Summary: The Christmas story has all the elements of a worship service. God is there along with people who are coming to a special place of worship


Luke 2:1-20

Bob Marcaurelle


When Neal Armstrong put his foot on the moon, someone from NASA said, “We should change the calendar and mark our dates from this moment.” In other words, that was more important than dating our calendars from when God walked on the earth. Looking at the first Christmas in Luke, it has all the elements of a worship service. It has:


Without God, there would be no service; no Bethlehem; no donkey for Mary to ride and no Mary. After his first year at college, a young man told his parents he had taken philosophy, and truly believed there was a God. The dad said, “We spent $5,000 for you to learn you are not a fool;” and quoted Psalm 14:1 “The fool has said in his heart--there is no God.” Hershel Hobbs said, “He said it in his heart; his head knew better.”

People who don’t believe in a God are like two fish swimming in the ocean, between here and Europe. One asks his buddy beside him, if he believes there is an Atlantic Ocean?” When his buddy said he did, he said, “I don’t. I’ve never seen the Atlantic Ocean. Show it to me and I will believe in it.” Acts 17:28 says, “In Him we live, and move and have our being.”


Churches remind us that GOD IS HERE. The place of worship was a barn in the little village of Bethlehem, near Jerusalem. We do not need a special place to worship God, but God knows it helps us. Every time God touched Abraham’s life he built an altar (Genesis 22, 26, etc.). In the forty years Israel lived in the burning desert with fierce tribes all around, God promised Moses He would travel with them, and Moses said, “Lord, if You don’t go with us, I don’t want to go”(Exodus 33:15).

God was with them every step of the way; and He made His presence known in a Tent (Tabernacle) He designed. It was set up in the center of the camp where the glory of His presence shined for all to see. When the glory came out and moved, the whole camp moved. When enemies attacked, the glory went between them and His people. God was saying, “To get to them, you have to come through Me”

Picture a little Israelite boy, in his tent getting ready to go to sleep. The night is pitch-black and he remembers the lights of the Amalakite campfires glowing in the hills. He asks his daddy if they want to come and kill us to take what we have. When his dad said yes, he said, “Daddy I’m scared.” The dad motions for him to come over; opens the flap of their tent; points to the glow in the middle of the camp and says, “Son, look who’s here.” (The darker the night, the brighter is the light of God’s presence.)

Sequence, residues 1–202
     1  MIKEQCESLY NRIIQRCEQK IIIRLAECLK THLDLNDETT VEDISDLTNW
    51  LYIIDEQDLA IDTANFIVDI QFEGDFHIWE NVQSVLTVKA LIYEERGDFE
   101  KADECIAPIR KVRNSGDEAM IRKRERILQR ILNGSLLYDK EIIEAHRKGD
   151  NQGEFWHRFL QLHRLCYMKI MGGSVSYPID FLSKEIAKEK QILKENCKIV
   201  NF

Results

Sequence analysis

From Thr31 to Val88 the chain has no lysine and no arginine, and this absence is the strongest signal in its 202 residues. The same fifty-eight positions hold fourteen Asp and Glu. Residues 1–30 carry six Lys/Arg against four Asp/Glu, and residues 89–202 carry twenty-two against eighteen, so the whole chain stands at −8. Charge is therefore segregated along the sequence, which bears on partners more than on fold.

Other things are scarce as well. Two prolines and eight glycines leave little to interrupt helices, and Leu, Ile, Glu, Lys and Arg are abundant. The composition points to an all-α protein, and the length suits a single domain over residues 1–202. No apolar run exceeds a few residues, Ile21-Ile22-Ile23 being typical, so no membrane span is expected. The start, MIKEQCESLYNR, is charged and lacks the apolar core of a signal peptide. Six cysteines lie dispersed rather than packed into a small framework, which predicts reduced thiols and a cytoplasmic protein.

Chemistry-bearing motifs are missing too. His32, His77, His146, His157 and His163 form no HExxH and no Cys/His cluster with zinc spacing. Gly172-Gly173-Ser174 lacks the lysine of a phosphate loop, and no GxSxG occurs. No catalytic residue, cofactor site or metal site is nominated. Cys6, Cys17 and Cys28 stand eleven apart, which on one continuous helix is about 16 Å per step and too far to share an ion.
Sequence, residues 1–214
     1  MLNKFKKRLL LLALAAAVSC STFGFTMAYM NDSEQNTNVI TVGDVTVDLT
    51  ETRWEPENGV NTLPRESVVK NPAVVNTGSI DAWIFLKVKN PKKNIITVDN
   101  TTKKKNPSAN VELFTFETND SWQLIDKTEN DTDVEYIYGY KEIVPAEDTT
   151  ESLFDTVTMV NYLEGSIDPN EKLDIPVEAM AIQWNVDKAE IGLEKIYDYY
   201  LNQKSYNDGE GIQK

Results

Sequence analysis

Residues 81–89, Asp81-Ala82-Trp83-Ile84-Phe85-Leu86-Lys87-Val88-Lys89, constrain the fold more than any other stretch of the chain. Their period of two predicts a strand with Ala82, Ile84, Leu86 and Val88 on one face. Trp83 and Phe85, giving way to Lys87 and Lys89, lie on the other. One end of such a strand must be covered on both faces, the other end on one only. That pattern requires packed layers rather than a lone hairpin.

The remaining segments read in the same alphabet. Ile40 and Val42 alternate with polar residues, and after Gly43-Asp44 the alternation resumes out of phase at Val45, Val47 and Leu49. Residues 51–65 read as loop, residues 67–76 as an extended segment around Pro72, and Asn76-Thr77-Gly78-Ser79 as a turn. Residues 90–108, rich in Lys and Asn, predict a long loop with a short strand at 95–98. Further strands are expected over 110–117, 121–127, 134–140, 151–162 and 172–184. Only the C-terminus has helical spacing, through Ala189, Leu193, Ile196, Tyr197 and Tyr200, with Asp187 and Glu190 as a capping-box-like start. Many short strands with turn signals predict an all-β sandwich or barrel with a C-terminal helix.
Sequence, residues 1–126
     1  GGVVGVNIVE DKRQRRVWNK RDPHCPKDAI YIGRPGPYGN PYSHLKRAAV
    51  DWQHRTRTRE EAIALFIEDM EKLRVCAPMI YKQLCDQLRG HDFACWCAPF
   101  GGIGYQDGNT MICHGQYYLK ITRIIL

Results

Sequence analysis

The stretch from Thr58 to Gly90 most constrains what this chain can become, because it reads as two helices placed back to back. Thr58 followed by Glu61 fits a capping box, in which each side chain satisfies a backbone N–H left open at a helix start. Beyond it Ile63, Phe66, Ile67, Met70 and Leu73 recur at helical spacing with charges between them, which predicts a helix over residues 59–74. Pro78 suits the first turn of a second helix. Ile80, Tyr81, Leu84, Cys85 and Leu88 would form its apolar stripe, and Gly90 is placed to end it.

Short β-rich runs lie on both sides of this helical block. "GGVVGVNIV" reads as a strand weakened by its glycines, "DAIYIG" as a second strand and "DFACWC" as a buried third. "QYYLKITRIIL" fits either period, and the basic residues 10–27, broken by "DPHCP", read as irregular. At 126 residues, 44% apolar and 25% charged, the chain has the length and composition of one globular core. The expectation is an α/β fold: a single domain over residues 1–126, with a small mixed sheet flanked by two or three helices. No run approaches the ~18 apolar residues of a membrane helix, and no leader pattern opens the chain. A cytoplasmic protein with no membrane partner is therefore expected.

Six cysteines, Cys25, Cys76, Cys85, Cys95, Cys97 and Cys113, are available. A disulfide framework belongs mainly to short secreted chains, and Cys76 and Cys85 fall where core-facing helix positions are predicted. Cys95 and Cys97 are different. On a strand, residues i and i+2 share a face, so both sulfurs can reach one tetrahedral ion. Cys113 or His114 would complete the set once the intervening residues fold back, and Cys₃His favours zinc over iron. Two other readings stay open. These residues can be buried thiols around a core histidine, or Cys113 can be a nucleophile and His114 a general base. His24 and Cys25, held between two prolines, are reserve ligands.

Churches remind us that God is here to help. In the shock wave of “911” people flooded into the churches, like they hadn’t done in years. It didn’t last long, but they came. When we see a church building, we are reminded that God will be “our refuge and strength” (Psalm 46: 1) if we ask Him.

Churches! Thank God for the sight of them,

The beauty, dreams and right of them.

That make us think, every time we look,

Of God and right and the Holy Book.

Churches also give us HOPE IN HORRIBLE TIMES. There is the hope of heaven. Steeples and crosses remind us of the hope of heaven. The Christmas story takes place in a terrible time. It has the bloody scene of baby boys in Bethlehem, being killed with Roman swords. This bothers me, but I find comfort in knowing those little boys and their families were the first people to suffer for Jesus and they are in heaven right now singing His praises. (And we all know where Herod is.)

In World War II, the Germans bombed England day and night. A Lutheran church took a direct hit and all that was left standing was the front of the building. All behind it was rubble. The Pastor stood in front, Bible opened, trying to comfort a small group of people. A man walking by said, “Put the Book up preacher. You preachers talk about hell; hell is right here. Look around you! This is hell.” The pastor said, sir, this isn’t hell. Here is a church and there are no churches in hell; here is a Bible and there are no Bibles in hell; and here is someone inviting you to come to Christ, and there is no one, who will do that in hell”.

Some find HOPELESSNESS in horrible times. They see things like the horrors of war; crimes against children; cancer wards; people dying of Covid-19; and lose their faith in God. In the 1950’s, guards in a prison at the Buford, Georgia rock quarry were so cruel, that a group of prisoners broke their own legs, to get the attention of outsiders. When the prison was investigated, they found written on one cell wall, “They ain’t no God.”

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